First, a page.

If you have a court date set which you are required to attend, the bankruptcy does not erase your requirement to appear. However, your trustee will provide you with the proper papers to take to court to prove you are bankrupt and any debt related cases (other than those for debts not erased: see above) should end quickly.



If your file is sent to court (by the Trustee, creditor or the government) you will have to attend to answer the concerns that resulted in the file being sent to court. The court may then decide to give you your discharge, delay your discharge or require that you pay an amount to the trustee before you will be discharged.



Complaints about your collection agent should be made, in Ontario, to the Ontario Government, Consumer & Commercial Relations. Complaints about your trustee should be made to the Office of the Superintendent Of Bankruptcy, an agency of the Federal Government. Complaints regarding Student Loan issues should be made to the Federal Government, Human Resources Development Canada. Complaints regarding all government programs may want to be sent to the elected representative for your area.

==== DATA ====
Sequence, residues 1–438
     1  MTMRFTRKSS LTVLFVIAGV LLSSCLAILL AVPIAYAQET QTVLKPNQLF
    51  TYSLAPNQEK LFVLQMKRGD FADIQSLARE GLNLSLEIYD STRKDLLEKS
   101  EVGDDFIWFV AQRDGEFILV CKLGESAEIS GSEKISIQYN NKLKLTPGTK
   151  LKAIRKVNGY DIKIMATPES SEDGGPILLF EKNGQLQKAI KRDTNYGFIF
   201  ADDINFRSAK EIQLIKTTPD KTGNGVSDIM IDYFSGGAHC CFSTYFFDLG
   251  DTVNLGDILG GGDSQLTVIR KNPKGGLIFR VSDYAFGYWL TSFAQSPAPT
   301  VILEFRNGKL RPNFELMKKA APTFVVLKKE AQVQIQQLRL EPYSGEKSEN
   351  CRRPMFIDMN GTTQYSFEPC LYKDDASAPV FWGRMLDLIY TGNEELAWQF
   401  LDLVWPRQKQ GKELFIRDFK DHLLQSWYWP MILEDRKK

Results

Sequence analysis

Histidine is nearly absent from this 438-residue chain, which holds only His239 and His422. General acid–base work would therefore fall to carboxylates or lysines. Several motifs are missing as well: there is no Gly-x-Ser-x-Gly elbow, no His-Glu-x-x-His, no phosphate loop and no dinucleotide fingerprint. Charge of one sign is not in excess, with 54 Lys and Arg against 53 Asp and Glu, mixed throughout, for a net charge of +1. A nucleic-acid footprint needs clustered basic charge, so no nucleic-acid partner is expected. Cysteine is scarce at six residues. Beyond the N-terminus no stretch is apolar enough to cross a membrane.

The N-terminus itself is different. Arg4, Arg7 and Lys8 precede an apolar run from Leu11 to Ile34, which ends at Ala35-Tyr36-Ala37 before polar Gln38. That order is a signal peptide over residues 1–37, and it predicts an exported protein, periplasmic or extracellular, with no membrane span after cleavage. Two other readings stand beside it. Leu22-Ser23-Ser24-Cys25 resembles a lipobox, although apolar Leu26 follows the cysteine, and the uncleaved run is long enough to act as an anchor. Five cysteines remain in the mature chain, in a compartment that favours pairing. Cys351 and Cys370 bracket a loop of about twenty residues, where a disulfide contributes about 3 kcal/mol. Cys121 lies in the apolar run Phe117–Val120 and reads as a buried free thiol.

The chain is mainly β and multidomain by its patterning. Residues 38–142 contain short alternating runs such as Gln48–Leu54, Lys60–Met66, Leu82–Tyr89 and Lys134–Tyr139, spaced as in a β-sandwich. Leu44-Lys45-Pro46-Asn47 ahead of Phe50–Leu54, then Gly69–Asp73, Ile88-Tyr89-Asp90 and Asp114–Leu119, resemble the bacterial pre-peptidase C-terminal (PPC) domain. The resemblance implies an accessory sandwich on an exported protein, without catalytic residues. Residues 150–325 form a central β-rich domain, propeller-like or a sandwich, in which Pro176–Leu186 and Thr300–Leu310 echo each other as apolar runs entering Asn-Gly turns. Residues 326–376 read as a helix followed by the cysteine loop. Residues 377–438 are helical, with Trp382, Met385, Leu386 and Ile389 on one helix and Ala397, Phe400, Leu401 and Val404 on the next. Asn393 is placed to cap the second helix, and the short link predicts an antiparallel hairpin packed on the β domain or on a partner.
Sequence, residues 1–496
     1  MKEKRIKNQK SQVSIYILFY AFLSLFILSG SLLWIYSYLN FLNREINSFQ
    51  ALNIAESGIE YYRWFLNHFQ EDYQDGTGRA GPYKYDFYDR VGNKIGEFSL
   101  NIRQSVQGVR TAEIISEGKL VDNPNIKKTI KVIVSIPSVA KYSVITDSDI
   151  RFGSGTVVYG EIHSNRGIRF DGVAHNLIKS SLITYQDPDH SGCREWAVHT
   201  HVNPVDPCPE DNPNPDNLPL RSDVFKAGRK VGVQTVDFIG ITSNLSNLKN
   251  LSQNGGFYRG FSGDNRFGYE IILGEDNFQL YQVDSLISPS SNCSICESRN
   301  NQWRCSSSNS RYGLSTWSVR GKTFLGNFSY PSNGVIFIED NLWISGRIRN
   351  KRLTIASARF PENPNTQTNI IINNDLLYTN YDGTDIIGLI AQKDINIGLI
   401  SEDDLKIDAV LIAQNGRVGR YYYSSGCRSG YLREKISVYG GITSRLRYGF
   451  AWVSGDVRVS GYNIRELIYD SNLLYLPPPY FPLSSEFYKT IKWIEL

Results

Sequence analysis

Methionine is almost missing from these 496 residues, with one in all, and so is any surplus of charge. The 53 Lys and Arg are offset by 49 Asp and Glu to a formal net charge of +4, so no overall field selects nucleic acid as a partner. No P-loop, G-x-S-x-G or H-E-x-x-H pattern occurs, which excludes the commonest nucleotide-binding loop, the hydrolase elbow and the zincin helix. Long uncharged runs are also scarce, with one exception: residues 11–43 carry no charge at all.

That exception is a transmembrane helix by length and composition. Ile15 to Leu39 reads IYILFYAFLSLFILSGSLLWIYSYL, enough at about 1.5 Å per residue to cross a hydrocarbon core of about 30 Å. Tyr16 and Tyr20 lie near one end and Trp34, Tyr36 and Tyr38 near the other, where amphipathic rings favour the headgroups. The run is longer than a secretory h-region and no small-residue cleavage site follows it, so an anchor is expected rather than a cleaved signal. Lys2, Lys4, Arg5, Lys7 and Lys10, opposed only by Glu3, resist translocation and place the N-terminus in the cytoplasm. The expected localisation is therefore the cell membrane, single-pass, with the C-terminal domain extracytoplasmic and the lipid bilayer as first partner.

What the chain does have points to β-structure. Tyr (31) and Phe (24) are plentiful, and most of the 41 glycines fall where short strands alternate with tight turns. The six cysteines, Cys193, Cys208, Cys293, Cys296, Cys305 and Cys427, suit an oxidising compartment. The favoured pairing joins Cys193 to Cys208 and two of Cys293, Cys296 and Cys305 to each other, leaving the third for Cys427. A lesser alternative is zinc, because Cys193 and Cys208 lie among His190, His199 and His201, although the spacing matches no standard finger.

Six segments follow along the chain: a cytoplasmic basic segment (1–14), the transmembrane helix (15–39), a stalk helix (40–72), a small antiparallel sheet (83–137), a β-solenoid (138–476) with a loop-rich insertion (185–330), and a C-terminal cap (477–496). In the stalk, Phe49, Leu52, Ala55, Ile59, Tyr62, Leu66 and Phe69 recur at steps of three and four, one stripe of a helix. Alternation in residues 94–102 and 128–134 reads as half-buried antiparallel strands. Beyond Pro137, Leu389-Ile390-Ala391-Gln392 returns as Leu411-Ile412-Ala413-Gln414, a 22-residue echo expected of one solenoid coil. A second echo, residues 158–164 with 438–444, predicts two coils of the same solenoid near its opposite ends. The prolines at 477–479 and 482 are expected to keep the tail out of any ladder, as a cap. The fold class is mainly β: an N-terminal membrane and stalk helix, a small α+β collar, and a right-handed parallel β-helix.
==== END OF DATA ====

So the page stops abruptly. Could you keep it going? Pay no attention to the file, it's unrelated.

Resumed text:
Usually when someone is thinking of a proposal or bankruptcy, they already have a credit rating problem. A credit rating is really a credit history. Creditors share both the good and bad payment information amongst themselves. Nobody can fix a credit rating such as some advertise. Often a bankruptcy will not make a credit rating worse, but instead will put an end to the debt and start the clock ticking on the time frame to have your credit history cleaned up. Record of a bankruptcy can be kept on your credit rating for up to 7 years in Ontario (this varies by province) for a first time bankrupt. Normally we find that the average of 2 years after bankruptcy is when you can expect to be considered for credit again. These are the decisions of the creditors and will also depend on your income and the stability of your employment. However, most people who need the help of a trustee likely would not be considered for additional credit and could not afford more credit anyway. Thus, when you cannot pay your bills, you can probably forget about your credit rating for the present while remembering you should be eligible for credit in the future.